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Almost-great classic of the commercial period, June 20, 2020
1986 is an awkward year in commercial adventures. Infocom and a few later entrants are still trying to stick with text-only. Sierra has made the leap from text/graphics to graphics-and-a-bit-of-parsing. And Interplay is leading the charge of developers who decide that what text/graphic adventures most need isn't better story or better graphics, but clunky GUIs that eat up more than one-third of the available pixels on already-limited displays.
No, no... and, again, no.
The wrongheaded interface choices aren't the only thing that keep Tass Times from a five-star rating. After a truly fantastic beginning (the worldbuilding and feelies are among the best from non-Infocom games of the period) the game falls into the trap a lot of straightforward adventures do. It doesn't take long to realize what the endgame is going to consist of and the rough framework of what you'll need to do. What remains is the rote frustration of navigating the precise (and occasionally padded) hurdles that are keeping you away from that climax.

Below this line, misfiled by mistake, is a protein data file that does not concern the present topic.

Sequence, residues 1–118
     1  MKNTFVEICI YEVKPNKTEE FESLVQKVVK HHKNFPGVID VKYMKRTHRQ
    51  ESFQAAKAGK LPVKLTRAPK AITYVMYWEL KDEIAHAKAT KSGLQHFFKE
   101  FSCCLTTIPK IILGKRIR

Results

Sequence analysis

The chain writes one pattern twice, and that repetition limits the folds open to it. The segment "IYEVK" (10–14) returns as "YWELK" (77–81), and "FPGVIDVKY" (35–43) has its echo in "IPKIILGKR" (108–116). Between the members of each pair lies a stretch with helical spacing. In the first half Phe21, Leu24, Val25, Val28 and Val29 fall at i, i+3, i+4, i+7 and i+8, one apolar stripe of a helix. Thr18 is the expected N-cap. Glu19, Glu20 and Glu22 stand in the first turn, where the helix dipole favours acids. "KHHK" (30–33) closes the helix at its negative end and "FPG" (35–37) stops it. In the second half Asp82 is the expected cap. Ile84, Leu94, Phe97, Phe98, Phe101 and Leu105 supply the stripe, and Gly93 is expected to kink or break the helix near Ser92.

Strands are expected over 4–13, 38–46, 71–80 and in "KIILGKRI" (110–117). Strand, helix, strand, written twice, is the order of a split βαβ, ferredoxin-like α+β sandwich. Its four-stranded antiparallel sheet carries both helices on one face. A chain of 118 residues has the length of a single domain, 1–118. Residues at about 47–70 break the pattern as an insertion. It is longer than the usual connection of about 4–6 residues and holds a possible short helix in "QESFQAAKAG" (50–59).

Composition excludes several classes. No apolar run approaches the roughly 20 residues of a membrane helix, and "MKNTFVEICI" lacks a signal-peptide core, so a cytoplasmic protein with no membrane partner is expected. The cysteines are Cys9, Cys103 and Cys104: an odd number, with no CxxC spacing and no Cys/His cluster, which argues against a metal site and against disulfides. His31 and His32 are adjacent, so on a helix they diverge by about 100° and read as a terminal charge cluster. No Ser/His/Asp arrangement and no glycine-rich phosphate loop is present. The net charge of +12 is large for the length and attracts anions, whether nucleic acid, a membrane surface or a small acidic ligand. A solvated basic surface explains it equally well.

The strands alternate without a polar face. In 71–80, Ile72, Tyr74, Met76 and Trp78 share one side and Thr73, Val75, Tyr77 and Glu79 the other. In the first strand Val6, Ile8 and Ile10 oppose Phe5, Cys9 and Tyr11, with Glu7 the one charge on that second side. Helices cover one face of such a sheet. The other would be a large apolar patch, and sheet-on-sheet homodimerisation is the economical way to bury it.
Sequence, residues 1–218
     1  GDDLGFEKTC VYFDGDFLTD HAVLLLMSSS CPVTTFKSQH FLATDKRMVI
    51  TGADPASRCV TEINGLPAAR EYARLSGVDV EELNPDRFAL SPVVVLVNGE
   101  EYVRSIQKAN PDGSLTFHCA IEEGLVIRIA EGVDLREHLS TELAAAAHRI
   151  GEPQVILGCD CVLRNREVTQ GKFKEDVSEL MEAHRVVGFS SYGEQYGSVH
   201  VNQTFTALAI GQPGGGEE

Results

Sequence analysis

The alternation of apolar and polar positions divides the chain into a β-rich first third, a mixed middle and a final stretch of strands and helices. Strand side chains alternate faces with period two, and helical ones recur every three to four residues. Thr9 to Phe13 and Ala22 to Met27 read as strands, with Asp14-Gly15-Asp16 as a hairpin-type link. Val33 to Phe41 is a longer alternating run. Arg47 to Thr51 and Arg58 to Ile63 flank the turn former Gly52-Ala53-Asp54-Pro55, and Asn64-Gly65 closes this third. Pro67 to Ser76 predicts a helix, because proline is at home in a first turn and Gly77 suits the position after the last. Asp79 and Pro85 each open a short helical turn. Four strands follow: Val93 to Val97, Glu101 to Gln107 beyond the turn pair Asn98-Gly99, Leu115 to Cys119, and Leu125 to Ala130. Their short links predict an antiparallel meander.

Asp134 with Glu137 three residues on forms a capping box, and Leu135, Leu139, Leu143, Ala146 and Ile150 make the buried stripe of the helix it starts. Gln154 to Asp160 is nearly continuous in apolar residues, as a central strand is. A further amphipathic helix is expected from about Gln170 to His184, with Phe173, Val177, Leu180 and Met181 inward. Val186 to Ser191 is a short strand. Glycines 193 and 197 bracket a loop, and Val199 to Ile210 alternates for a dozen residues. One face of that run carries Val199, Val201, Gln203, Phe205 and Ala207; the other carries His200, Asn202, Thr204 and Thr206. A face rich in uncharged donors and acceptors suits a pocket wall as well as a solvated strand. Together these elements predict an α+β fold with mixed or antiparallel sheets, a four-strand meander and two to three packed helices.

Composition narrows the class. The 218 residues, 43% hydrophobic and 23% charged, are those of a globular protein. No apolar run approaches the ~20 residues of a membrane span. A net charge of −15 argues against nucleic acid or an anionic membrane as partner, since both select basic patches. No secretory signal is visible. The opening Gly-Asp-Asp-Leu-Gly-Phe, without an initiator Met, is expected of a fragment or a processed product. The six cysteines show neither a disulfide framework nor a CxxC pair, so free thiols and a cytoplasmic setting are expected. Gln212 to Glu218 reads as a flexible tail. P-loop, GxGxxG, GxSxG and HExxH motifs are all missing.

But... yeah, that interface. The actual what-the-character-sees graphics only occupy about 40% of the playfield. That's a terrible compromise, because the worldbuilding is so rich and even with the restrictions some of the art and animations are quite clever! Meanwhile, the clunky clickable interface adds little to the game except for providing a handy way to identify interact-able items.
Had this game been done in the original split-screen ADVENT, or even with a hybrid system that wasn't so wasteful, it would have left an even deeper mark. The faux-hip world of Tonetown was never really an accurate picture of the 80s, but it was put on with enough of a smirk that I think it played well and ages just fine. But the documentation is absolutely essential to jumping in and enjoying it.